‘Keep on Smiling …….
The days and dates begin to merge. I carry a diary with me; I look at it frequently. I buy a road atlas of Europe so I know where we are going, what border we are crossing, what country we are in. It’s getting colder, we are on the way to Oslo. This is a long journey driving from Denmark. Many ferries; a cold, cold, long, dark journey. It begins to snow, we are now off the autobahn, we are on a mountain road. How does Rod know the way? No Satnav … he just hunkers down and drives and drives.
It’s very quiet in the cabin, unusual! Someone is usually larking about. Vision is nil, the windscreen wipers thunk, thunk, thunk the snow away as it piles up on the windscreen. Rod’s knuckles are white clutching the steering wheel. I’m sitting next to him, concentration is visceral.
I hear a tiny mumbling coming from someone, it’s Chris. Is he praying? It’s the only sound in the cab apart from the windscreen wipers. Chris is very quietly saying some verse. I think we are all going to die, and can feel my heart almost stop. Is that a deer ? No it’s an elk. Rod swerves and navigates the entire crew, the entire sets of 2 shows, a cockerel and 3 doves. Nobody dies. We get there, we arrive in Oslo. It’s late, it’s dark, it’s cold. We need a drink, the hotel is closed for drink. Not a sip.. No food, nothing till breakfast. We go to our rooms. I hug the radiator and wait until breakfast.
Chris in the Gustav Vigeland Sculpture Park, Oslo.
The Dream of the Ridiculous Man opens with Chris Jordan’s music – ‘Among the audience, English tramps wander around silently, they have a shifty look about them, a menacing smile on the lips suggesting they are about to ask for charity, on a screen, we see the face of a terrified young man, gentle music is playing, a girl in an old raincoat too big, waits at the front’ (an extract from unknown review) and we, the company, do our Tai Chi movements in our tatty raincoats, singing ‘its hard to be the only one who knows the truth …….’
Oh the joy of doing this show. Meanwhile our sister show, An die Musik, is forever there as we alternate both shows on the 1975-76 tour. Pip drives separately with Dick Johnson our lighting man and one other. These are our venues, we manage to get home for Christmas 1975 and then continue the tour till May 1976.
United Kingdom: Oval House, ICA, Nuffield Theatre Southampton, Brum Studio Birmingham, Haymarket Leicester, Gulbenkian Theatre Newcastle, Crucible Sheffield, Leeds University, Gardner Centre Brighton, York Arts Centre, Exeter Northcott, University of Bradford, Bingley College, Bristol University, Lancaster University, Rochdale, University of Warwick, Norwich, Canterbury, Oxford, Nottingham University, Winchester, Cheltenham, Sunderland, Warrington, Leamington, Chapter Arts Cardiff, Glasgow Citizens. France: Nancy, Paris, Nice, Avignon, Bordeaux, Cannes, Aix-en-Provence, Caen, Amiens, Nevers, Grenoble, Macon, Tours, Sceaux, Dijon, Douai, Mulhouse, Thonon-les-Bains, Lyons, Aurillac, Chartres, Chambéry, Béziers, Bourges, Grasse, Lille, Mende, Privas. Italy: Milan, Rome. Germany: Hamburg, Munich, Bonn, Cologne. Belgium: Brussels, Antwerp. Holland: Mickery Theatre Amsterdam, Piccolo Theater Rotterdam, The Hague, Utrecht, Groningen, Enschede, Tilburg, Eindhoven, Apeldoorn, Nijmegen, Leiden, Haarlem, Dordrecht. Sweden: Stockholm, Östersund. Denmark: Holstebro, Copenhagen, Herning, Louisiana, Viborg, Odense, Aalborg, Tastrup, Aarhus, Kolding, Hillerod. Norway: Stavanger, Oslo.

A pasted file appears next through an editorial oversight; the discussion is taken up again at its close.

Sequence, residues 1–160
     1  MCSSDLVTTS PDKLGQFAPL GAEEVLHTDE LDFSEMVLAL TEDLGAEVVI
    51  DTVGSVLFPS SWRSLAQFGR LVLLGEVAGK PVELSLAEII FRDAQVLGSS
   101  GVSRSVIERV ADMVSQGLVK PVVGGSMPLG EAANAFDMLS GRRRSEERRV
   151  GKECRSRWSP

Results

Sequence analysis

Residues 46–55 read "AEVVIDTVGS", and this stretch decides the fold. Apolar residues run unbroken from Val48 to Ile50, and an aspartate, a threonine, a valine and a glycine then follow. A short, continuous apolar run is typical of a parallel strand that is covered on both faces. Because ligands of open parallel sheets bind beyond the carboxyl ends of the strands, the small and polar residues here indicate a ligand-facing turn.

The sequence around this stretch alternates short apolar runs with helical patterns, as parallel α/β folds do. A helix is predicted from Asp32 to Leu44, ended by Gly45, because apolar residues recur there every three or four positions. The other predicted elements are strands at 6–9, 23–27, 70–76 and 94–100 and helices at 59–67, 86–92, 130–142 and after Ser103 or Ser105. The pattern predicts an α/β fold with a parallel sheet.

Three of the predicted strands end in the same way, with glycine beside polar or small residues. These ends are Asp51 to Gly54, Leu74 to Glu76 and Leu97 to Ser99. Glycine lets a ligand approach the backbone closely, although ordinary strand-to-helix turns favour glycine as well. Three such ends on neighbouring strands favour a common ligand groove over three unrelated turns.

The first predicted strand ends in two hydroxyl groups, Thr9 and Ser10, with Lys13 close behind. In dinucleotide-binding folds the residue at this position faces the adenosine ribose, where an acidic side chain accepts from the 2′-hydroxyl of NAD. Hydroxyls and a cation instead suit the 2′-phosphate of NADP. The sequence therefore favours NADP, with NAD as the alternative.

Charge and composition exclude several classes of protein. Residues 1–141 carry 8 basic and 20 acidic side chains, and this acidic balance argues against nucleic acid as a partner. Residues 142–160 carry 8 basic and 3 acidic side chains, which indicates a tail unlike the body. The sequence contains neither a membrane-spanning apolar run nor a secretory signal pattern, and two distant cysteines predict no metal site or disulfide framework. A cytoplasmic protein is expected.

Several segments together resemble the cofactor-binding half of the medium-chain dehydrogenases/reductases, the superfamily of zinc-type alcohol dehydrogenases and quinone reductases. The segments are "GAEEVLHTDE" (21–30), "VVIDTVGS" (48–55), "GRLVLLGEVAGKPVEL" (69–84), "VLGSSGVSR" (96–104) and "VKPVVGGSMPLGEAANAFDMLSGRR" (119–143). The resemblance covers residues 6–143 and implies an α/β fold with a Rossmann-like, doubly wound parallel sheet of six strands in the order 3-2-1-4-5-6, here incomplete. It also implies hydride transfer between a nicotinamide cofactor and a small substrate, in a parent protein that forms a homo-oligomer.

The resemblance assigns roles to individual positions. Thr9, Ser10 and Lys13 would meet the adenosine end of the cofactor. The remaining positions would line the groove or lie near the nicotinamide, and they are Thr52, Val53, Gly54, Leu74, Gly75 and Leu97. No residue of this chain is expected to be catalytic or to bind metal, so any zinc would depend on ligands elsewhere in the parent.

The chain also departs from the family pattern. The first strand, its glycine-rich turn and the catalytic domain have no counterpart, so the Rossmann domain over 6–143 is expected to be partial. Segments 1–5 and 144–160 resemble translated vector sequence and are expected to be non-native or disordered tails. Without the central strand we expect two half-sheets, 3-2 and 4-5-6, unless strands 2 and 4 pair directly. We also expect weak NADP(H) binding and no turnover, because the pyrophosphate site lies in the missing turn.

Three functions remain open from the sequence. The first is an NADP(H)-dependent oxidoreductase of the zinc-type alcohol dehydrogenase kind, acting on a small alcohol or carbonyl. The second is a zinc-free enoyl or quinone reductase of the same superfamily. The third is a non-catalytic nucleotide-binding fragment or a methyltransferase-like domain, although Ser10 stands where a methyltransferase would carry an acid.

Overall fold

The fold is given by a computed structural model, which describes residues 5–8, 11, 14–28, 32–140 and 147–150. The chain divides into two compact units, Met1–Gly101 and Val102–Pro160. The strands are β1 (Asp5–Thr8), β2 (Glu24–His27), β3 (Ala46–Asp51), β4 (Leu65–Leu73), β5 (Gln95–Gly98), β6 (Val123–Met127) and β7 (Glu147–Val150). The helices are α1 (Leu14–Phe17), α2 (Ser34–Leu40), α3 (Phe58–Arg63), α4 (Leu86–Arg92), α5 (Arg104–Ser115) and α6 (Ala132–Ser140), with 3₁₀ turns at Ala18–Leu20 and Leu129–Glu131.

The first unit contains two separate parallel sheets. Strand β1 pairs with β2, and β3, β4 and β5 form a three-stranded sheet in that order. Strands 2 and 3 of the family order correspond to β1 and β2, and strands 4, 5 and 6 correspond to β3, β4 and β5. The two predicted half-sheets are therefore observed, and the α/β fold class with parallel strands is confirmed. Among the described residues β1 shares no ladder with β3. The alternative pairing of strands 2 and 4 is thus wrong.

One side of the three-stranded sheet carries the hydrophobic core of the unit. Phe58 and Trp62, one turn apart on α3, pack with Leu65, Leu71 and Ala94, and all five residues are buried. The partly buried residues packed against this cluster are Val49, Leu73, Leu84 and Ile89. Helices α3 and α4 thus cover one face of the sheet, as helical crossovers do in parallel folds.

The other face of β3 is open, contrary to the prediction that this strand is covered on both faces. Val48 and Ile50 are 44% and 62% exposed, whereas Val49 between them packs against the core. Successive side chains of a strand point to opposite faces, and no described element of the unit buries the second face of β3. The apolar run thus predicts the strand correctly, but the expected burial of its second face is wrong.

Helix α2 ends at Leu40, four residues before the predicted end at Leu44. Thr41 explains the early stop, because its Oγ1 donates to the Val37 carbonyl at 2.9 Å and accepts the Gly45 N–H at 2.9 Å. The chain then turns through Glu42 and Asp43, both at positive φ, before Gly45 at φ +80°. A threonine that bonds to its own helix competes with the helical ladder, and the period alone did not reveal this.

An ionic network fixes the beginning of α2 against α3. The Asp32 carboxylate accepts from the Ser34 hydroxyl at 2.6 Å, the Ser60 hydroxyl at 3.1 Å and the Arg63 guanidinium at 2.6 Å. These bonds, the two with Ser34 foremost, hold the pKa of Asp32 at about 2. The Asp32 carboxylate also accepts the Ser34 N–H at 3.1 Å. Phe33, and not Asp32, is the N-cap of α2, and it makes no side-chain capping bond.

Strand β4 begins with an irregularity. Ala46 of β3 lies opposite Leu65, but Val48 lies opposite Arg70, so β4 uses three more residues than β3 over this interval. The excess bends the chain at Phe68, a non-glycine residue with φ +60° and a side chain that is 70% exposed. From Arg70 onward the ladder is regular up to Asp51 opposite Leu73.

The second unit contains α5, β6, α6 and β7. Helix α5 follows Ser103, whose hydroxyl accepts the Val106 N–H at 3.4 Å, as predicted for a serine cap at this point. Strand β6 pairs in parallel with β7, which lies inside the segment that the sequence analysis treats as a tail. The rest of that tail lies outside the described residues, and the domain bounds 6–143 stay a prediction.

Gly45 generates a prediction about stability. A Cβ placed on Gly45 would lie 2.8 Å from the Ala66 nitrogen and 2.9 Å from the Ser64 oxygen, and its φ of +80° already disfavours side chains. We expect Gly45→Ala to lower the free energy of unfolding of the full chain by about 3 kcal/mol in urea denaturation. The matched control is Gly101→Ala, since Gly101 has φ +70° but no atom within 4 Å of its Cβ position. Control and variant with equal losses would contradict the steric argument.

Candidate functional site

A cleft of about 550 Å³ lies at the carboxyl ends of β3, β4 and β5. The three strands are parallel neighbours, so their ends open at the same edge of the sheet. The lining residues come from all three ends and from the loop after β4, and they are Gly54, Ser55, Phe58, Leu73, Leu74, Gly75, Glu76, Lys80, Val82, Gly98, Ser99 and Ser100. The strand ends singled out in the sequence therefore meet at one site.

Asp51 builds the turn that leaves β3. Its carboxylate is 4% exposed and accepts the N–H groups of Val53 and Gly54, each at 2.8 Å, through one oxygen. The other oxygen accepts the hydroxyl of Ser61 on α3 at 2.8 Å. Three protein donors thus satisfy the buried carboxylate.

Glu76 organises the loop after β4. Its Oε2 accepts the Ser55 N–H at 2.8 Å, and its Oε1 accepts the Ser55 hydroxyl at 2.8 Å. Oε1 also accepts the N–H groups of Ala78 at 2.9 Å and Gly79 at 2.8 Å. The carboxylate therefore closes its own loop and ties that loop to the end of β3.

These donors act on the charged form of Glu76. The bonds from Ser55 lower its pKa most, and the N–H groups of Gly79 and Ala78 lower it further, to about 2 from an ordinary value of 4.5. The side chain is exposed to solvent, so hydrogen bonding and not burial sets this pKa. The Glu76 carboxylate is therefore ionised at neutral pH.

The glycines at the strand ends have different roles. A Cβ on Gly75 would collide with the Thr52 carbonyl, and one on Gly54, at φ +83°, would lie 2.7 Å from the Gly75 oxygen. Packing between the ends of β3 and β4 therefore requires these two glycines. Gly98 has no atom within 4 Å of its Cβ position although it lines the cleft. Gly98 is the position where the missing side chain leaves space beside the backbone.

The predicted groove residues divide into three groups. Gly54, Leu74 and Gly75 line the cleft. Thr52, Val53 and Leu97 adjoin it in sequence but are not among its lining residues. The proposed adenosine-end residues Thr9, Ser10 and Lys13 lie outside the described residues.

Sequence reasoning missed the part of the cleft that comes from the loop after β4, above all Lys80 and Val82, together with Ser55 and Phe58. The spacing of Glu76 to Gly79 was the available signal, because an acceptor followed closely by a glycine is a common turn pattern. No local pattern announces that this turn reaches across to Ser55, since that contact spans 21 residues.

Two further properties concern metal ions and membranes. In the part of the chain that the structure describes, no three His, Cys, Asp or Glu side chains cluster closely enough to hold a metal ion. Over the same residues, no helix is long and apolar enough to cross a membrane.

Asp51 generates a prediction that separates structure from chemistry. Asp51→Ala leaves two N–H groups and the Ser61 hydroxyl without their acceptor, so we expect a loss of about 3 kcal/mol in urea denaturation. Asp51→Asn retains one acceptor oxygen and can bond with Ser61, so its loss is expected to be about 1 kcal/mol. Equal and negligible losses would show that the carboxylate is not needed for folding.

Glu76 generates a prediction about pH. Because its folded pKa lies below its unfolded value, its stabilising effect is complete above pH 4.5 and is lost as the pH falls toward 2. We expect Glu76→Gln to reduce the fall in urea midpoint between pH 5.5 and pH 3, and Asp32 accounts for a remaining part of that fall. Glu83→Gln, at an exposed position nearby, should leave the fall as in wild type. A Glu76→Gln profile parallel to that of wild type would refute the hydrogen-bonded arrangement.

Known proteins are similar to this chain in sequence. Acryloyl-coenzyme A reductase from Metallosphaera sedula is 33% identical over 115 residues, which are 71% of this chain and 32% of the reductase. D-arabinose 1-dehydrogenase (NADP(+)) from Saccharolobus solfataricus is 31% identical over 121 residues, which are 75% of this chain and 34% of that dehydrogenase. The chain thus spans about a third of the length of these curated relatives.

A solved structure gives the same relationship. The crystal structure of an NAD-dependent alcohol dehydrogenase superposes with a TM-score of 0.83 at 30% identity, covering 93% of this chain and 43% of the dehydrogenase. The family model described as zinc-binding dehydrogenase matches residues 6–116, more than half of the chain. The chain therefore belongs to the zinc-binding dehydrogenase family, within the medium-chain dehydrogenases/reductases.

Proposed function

The travel arrangements worked okay most of the time, except Ben remembers this.
It’s breakfast time on the day of departure from Munich. We have two vehicles, it is my turn to ride with Pip! At the end of breks I go upstairs to my room to get my stuff and when I come down the bus is gone – no probs, so I sit and wait for Pip to appear. It is about fifteen minutes before I realise that Pip has left too! So, here I am in Munich, some decades before the advent of mobile phones, with no way of letting anyone know where I am and no way of knowing where everyone else is headed. All I know is that they’re going to Paris, but I have no idea which theatre or which hotel. I have enough money (just) to get to Paris, but what to do then?
I look at a map and see that they must cross into France just outside Strasbourg. I grab my bag and hotfoot to the Hauptbahnof. Single to Strasbourg please! I’ve already lost a bit of time by the time the train leaves, but reckon I should just be able to head them off at the pass! On arrival at Strasbourg, I jump into a cab ‘a la frontiere – vite, s’il vous plait’. The cabbie obliges – just as well. As we pull up at the crossing, the tour van miraculously appears. Grab bag, run towards van and get on. ‘Oh hi Ben, where’s Pip’ is the underwhelming reaction. Where indeed? Turns out that both parties thought I was with the other one. Later, I mentioned to Pip that he’d left me in Munich – I think he replied with a grunt.